When business conditions are tough, outsourcing can seem
a good way to reduce costs to maintain margins. It may involve
procuring goods or services locally or offshoring in countries with
lower costs. The benefits of outsourcing are obvious. Less obvious
are the risks, particularly when offshoring.
A significant governance risk for companies that outsource
overseas relates to bribery and corruption. Not only does distance
make day to day oversight difficult, but different cultural
assumptions may result in business practices happening at a local
level that are risky at a global level.
There has been a global focus on enacting anti-bribery and
corruption legislation since the 1997 ratification of the OECD
convention on Combating Bribery of Foreign Public Officials in
International Business Transactions.
The most well known examples are the US Foreign Corrupt
Practices Act and the UK Bribery Act 2010. Lesser
known are the equivalent anti-bribery and corruption provisions
enacted in Australia in the Criminal Code (Cth).
Given the criminal liability risk (including imprisonment for
individuals), the large monetary penalties available against
companies, their officers and directors, and the potential for
reputational damage, this is an area that directors of
multinational and Australian companies with any offshore exposure
THE DOWNSIDE OF OFFSHORE OUTSOURCING
Outsourcing offshore, particularly to emerging economies where
there are likely to be significant costs savings, brings with it
the risk of conduct by agents which may fall foul of anti bribery
and corruption laws.
The Panalpina story neatly illustrates this point. A number of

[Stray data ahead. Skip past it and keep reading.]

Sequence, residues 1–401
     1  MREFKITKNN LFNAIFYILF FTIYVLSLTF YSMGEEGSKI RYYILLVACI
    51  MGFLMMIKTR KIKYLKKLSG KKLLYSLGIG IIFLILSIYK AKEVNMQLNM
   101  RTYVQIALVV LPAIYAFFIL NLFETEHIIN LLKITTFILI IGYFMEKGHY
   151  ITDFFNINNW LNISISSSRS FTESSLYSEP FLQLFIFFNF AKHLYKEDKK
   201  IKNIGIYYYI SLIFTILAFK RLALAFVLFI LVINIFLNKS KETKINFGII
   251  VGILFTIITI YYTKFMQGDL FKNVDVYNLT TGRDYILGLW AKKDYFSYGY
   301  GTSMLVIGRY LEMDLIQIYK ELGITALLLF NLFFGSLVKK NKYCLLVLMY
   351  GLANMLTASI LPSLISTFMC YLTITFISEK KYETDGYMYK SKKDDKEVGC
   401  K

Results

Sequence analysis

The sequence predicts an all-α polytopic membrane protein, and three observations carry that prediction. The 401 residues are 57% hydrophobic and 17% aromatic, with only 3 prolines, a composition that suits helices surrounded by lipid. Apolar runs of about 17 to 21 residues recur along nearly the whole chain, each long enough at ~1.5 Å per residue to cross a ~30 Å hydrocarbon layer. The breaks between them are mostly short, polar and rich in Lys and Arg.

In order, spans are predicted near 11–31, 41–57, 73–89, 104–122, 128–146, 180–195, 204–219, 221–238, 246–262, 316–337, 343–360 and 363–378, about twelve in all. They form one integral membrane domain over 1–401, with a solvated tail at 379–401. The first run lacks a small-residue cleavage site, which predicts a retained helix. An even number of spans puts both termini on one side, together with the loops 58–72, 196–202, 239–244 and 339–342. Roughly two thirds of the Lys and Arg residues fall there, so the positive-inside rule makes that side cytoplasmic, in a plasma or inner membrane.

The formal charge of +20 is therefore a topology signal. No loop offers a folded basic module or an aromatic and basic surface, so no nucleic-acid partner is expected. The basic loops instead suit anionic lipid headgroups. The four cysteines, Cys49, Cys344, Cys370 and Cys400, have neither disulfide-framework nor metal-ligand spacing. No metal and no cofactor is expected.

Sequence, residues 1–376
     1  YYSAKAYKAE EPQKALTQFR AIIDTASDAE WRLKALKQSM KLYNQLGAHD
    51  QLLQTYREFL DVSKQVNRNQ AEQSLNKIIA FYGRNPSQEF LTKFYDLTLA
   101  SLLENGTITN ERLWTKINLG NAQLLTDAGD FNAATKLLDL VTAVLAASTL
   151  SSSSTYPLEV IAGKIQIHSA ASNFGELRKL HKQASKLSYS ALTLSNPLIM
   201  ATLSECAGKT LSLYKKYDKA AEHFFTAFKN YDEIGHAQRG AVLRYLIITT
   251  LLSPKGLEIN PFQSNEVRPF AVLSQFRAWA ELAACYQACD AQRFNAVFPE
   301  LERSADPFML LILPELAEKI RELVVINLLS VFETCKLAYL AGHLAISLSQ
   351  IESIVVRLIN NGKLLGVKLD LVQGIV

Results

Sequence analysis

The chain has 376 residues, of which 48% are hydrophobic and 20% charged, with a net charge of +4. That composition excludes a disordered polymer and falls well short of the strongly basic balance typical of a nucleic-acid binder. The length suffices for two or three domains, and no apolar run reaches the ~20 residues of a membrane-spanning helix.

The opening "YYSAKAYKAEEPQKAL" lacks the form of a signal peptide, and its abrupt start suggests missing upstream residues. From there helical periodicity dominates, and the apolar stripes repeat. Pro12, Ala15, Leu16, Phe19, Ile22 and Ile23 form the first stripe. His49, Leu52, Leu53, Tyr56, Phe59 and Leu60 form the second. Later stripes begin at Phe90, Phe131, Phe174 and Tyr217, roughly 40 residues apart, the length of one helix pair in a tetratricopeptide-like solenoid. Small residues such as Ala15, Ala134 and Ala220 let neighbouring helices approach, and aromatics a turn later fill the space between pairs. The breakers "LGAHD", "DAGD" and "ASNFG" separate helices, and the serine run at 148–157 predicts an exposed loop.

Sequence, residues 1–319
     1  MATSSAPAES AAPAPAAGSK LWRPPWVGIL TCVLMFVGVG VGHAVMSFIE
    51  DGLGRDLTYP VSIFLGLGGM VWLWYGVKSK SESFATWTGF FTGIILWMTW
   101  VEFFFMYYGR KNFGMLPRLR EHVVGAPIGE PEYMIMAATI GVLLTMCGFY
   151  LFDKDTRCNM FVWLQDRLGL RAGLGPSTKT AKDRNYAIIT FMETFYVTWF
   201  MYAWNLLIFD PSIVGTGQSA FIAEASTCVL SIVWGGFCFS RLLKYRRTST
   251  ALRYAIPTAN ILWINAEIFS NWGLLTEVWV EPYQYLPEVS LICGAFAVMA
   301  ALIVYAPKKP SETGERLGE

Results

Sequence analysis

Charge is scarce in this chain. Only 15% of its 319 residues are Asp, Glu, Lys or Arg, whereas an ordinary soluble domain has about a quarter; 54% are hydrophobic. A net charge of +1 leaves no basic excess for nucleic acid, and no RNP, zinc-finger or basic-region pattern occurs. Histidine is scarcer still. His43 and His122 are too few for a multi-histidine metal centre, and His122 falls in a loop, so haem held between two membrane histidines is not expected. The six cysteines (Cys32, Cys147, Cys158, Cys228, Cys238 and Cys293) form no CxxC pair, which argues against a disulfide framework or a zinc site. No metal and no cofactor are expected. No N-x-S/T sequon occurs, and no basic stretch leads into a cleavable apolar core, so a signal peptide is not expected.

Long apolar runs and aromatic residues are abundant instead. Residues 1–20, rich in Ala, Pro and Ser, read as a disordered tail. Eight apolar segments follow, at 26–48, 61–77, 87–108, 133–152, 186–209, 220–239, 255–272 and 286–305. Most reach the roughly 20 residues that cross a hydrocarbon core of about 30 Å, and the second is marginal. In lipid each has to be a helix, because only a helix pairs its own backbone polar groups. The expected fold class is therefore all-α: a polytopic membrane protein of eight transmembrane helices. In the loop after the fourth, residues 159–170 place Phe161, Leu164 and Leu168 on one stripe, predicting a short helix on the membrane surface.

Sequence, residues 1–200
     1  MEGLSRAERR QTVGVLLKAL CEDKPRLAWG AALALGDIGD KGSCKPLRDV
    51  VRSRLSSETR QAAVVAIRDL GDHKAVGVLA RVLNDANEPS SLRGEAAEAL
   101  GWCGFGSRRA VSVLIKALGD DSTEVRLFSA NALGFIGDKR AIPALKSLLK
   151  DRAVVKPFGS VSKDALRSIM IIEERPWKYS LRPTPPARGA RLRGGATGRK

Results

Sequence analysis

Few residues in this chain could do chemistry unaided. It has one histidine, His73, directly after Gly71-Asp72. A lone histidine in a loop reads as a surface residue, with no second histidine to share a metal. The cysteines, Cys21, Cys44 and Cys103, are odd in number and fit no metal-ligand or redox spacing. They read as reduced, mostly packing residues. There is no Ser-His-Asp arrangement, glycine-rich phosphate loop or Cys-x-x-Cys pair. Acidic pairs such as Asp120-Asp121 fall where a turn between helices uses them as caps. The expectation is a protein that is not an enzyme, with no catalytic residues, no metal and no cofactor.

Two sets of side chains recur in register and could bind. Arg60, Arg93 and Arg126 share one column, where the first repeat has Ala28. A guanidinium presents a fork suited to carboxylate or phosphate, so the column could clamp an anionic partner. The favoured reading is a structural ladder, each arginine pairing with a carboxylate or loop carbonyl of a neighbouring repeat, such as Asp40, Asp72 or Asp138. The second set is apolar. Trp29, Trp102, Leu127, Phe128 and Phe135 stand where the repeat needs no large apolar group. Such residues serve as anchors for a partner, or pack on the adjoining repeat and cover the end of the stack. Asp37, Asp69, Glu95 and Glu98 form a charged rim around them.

oil services companies outsourced aspects of their freight
forwarding and customs clearance in Africa to Panalpina, a Swiss
company. Panalpina and a range of its clients were investigated for
violation of US Laws.
Despite arguing that they were facilitation payments, Panalpina
was proven to have made improper payments to customs officials on
behalf of its clients and, in 2010, Panalpina and a number of its
clients, including Shell, were fined more than $US200 million
Companies can sometimes avoid liability for the acts of their
employees or agents if they can demonstrate they did not expressly
or tacitly approve the conduct and/or they had adequate measures in
place to prevent bribery and corruption by the company, its agents
and associated entities. Such measures must include an
appropriately risk based and robust, top led compliance
Clearly, outsourcing is not a way of removing the risk of doing
business in countries where bribery and corruption is part of the
local landscape, nor is it a risk-free way of minimising
Rather, it is important for companies to recognise that
outsourcing offshore brings with it new risks which need to be
addressed both in the procurement process (through adequate due
diligence, risk assessment and contractual provisions) and more
broadly in its corporate compliance program.
With the right advice and the right compliance measures the
risks of outsourcing can be minimised and the benefits more safely
The content of this article is intended to provide a general
guide to the subject matter. Specialist advice should be sought
about your specific circumstances.
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